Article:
Colorado does not go into mourning when a girl is born. Equal suffrage has not taken Colorado out of the Union. She stands an example of what a sovereign State should be--a model to those self-righteous States that preach equal rights in press, pulpit and forum and deny it in the law. The statue of Justice that crowns her city hall, court house and Capitol is not a lie. For the Capitol in Was.h.i.+ngton and in 41 States of the Union the figure of St. Paul would be more fitting than that of the G.o.ddess of Liberty. Unfettered by tradition and prejudice Colorado has dared to do right. She has given to woman what Solomon gave to Sheba--"whatsoever she asked"--and has no regrets and no desire to recall the gift. After ten years of experience, equal suffrage needs neither apology nor defense. No harm has come to either woman, man or the State. Justice never harmed any one. If Colorado women were not angels before, the ballot has brought no wings. Suffrage has not elevated them, it has simply placed them where they belonged but it has raised the men who have dared to be just. Woman has not yet conquered iniquity nor has it conquered her. Suffrage is not a revolution, it is but a step and not the end of the journey....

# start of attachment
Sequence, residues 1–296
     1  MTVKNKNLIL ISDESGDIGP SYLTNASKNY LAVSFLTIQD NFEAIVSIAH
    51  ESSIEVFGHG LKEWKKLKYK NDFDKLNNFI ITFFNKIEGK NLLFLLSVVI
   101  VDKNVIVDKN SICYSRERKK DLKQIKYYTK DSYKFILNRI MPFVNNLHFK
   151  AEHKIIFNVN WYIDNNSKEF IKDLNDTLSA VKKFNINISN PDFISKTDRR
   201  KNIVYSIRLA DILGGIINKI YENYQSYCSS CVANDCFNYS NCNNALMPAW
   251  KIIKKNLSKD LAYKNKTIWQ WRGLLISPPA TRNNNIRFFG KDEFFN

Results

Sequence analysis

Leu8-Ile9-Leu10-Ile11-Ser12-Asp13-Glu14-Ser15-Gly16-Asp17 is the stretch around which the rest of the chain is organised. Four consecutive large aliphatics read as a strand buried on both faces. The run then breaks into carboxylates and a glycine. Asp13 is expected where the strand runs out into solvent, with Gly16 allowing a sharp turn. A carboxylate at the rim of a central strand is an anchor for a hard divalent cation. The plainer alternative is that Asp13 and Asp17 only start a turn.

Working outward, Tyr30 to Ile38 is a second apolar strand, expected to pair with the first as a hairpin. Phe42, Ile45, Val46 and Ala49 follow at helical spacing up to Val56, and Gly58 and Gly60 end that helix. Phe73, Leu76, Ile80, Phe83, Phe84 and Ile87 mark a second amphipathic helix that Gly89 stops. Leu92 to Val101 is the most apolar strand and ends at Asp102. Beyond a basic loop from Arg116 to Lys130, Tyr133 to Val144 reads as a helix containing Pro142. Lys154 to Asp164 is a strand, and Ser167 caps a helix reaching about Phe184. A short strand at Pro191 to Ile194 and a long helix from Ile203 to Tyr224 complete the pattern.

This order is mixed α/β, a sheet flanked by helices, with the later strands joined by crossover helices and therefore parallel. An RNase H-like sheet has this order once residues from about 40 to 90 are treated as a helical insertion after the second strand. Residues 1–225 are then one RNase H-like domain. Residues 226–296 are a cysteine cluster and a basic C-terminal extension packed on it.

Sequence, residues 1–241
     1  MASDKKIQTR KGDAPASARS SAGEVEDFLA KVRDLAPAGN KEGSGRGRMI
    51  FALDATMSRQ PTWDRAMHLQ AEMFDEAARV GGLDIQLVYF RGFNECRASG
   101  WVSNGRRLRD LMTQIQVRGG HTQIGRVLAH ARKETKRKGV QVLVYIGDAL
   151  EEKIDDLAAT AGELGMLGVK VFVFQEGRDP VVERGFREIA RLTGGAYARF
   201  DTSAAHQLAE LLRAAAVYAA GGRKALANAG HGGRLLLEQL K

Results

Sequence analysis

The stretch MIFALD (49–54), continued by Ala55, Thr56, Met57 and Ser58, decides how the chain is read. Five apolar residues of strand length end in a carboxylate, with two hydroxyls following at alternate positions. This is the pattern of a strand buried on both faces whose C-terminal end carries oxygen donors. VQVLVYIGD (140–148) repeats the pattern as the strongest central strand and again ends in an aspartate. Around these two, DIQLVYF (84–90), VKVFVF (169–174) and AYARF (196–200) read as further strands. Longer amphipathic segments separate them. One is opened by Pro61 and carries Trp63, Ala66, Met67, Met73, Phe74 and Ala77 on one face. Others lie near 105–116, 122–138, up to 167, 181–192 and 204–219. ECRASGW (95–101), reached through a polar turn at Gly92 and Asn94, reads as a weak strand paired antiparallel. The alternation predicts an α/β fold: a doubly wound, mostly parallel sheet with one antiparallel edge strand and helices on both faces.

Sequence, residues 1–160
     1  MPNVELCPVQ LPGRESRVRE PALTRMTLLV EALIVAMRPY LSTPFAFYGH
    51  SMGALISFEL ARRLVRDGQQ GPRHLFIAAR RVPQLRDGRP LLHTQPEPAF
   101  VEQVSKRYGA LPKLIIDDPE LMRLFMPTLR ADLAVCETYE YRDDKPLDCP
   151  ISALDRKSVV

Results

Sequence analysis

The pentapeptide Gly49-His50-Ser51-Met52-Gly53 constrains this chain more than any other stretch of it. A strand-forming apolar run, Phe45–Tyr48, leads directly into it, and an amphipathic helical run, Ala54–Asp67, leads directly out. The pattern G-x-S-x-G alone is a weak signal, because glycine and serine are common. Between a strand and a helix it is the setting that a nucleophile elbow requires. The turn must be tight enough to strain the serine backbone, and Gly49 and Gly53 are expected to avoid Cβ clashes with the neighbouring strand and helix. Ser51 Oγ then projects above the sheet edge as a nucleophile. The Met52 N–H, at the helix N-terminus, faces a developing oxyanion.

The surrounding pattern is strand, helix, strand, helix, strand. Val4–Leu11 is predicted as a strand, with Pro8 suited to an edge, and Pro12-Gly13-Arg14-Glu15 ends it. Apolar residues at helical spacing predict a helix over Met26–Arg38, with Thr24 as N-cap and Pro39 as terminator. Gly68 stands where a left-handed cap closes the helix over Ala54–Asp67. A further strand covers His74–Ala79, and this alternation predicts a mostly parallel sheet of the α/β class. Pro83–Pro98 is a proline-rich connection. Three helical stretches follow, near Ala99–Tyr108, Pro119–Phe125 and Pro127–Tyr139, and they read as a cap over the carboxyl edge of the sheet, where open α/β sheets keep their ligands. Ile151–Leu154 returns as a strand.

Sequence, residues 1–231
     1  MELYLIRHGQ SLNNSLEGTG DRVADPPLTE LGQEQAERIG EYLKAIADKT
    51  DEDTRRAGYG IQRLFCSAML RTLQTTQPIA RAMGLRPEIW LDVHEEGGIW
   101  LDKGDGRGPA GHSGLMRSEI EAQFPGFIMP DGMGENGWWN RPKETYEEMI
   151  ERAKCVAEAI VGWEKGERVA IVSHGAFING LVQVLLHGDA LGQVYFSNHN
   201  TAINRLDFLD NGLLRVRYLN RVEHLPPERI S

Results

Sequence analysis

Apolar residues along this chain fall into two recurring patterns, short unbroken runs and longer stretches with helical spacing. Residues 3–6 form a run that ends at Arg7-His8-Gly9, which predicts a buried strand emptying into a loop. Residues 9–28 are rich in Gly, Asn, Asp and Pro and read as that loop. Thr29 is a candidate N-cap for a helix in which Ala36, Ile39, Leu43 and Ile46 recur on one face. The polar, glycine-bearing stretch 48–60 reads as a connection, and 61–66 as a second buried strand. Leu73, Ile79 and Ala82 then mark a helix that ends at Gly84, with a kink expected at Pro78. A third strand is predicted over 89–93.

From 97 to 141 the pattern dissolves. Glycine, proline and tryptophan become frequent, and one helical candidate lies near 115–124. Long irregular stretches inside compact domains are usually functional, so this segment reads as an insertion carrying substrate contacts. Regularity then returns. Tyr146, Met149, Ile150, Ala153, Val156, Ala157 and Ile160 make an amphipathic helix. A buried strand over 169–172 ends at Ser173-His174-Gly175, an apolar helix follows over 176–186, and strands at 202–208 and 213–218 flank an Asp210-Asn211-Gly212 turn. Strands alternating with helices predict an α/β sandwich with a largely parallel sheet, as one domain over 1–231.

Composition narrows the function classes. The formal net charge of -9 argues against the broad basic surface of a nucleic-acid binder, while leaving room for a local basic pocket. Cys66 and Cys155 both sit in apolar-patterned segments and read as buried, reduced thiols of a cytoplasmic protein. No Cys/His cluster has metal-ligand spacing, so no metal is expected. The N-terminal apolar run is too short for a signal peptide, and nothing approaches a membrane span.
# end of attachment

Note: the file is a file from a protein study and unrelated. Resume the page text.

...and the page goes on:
If women have not overthrown the entrenched political machines the failure is due to the so-called respectable Christian men.

The women are ready but the men are chained to partisans.h.i.+p....